“And He went forth unto the spring of the water, and cast salt in there.” (2 Kings 2:21)

Sometimes the salt burns. The teacher who desperately tries to instill principles in her students but leaves the schoolhouse every day with a feeling of exhaustion and hopelessness. The woman who has reached the midlife crisis and can’t find another reason to move on or stay married because what is the point? Or the mother who extends her helping hand and her wise words but her children ignore and despise her investment.

Not many weeks later, I was offered the opportunity to take over a preschool/daycare. I was elated at the possibilities and had faith that God would come through and show the world that He was indeed God and still worked miracles. In 3 weeks. But He did not show up. He was silent. I didn’t hear a word from Him. And so I declined the offer because I knew that I couldn’t attempt such a huge responsibility without Him.

And once again I found myself on the brink of devastation. Where was God when I needed Him? Did I not have enough faith to please Him? Where is the balance between faith and practicality? I thought miracles had nothing to do with the reasonable. I was angry that I had thought this was God’s will but then He “pulled out.” I had shown promise and the parents had been excited and I was now coming up empty handed.

But I was not physically barren. I was spiritually barren. I was allowing my status in life to determine my worth when my identity does not lie in my abilities or my career or even my ability to come through for someone in their misfortune. My identity is attached to Christ. And when my eyes turn to other lesser and earthly things to decide my value, I will sink every time.

The very stinging is often what cures the wound. Sometimes, without the sting, one wouldn’t realize the wound was there.

“Thus saith the Lord, ‘I have healed these waters; there shall not be from thence any more death or barren land.’”

We serve a loving God who never designed barrenness to describe our life. He never ordained death in His original plan. Mankind brought that on ourselves. It is still His perfect will to heal us and to create fruit in us and in the lives of those around us.

The spirit of barrenness need not remain. I realize that this was a specific message to the children of Israel. I am not one to read other peoples’ mail, but I do believe that my God is a God of principle. And if His plan for those children was fruitfulness, His plan for His children today is no less.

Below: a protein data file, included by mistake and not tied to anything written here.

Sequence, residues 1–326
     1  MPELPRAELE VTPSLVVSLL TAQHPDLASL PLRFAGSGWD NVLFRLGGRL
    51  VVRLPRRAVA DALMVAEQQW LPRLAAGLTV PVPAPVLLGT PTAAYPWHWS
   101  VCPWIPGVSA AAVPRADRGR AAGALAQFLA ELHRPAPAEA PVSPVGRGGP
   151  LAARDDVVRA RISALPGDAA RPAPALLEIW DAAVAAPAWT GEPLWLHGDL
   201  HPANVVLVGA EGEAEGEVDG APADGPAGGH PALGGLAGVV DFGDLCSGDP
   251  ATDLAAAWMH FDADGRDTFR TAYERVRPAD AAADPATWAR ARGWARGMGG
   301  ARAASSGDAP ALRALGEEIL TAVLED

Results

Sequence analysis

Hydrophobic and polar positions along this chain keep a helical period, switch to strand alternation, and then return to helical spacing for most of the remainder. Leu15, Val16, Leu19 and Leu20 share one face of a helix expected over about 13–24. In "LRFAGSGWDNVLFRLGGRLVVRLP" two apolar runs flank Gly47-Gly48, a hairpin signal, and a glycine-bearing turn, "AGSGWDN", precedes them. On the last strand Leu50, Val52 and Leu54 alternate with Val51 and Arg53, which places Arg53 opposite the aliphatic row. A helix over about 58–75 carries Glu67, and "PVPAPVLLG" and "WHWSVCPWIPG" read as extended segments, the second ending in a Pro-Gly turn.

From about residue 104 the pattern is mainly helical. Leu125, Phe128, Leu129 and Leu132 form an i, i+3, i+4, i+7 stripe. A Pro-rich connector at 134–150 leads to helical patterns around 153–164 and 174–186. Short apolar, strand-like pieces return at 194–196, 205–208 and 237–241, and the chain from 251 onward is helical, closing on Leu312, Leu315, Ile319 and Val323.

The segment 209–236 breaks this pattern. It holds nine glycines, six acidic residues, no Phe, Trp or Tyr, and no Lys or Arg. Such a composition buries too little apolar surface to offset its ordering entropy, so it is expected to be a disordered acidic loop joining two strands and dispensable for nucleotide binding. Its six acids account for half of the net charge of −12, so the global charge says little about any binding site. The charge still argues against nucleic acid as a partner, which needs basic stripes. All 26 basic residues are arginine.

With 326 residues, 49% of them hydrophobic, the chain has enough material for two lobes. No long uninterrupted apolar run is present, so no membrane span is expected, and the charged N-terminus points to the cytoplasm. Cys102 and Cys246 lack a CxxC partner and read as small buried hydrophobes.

A “spirit (of anything)” is a time when you can count several incidents, seemingly unrelated, of a similar affect. A season of life that has gone on far too long and the battle seems to thicken instead of lessen. A series of failures and defeats that seem to occur regardless of the method. A series of relationships that produce nothing but frustration and spiritual exhaustion. The enemy will use it to weaken our faith and resolve and get us to give in. You don’t have to live with that spirit of fear or depression or anger any longer.

The bitter water would not have been healed without the salt.

Elijah cursed the land and caused a famine to come for three and a half years. And then, when the Lord instructed, He called rain to fall. And James 5 says that when he prayed again, the heaven gave rain, and the earth brought forth her fruit.

And I almost miss the most obvious part. That there must have been seed in the soil for something to grow once the rain came. Seed that remained dormant for years but was not forgotten.

And my hope springs up anew.

And until now, I have wondered about the portion directly after that segment in James. It goes from talking about famine and rain to restoring a brother gone by the wayside. It says that if any of us would wander from the truth, and someone bring him back, he should know that the one who brings a sinner back from his wandering path will save that person’s soul from death, and will cover a multitude of sins (the last verse in James).

Because He doesn’t want us to lose hope in that seed. The seed that has been planted will eventually take root.

And the disappointments that would try to steal our hope don’t have power anymore because they submit to the One Who conquered death so that I didn’t have to face it and Who took the barrenness so that I could experience life.

And so that I can choose to see the fruitfulness in all the beauty around me instead of focusing on the physical seed I wish I had.

You never know what truth you need to glean that will prepare you for the road or task ahead. He gives greater grace. Sometimes before, sometimes after, and sometimes during.

And you never know when you are planting seed that someone else will water later.

And you almost never know when it’s up to you to receive that seed.

I have been given everything I need for this. I am God’s choice for distributing His presence. Barrenness is no longer in my vocabulary.

Heal the wound but leave the scar
A reminder of how merciful You are
I am broken, torn apart
Take the pieces of this heart
Heal the wound but leave the scar
-Point of Grace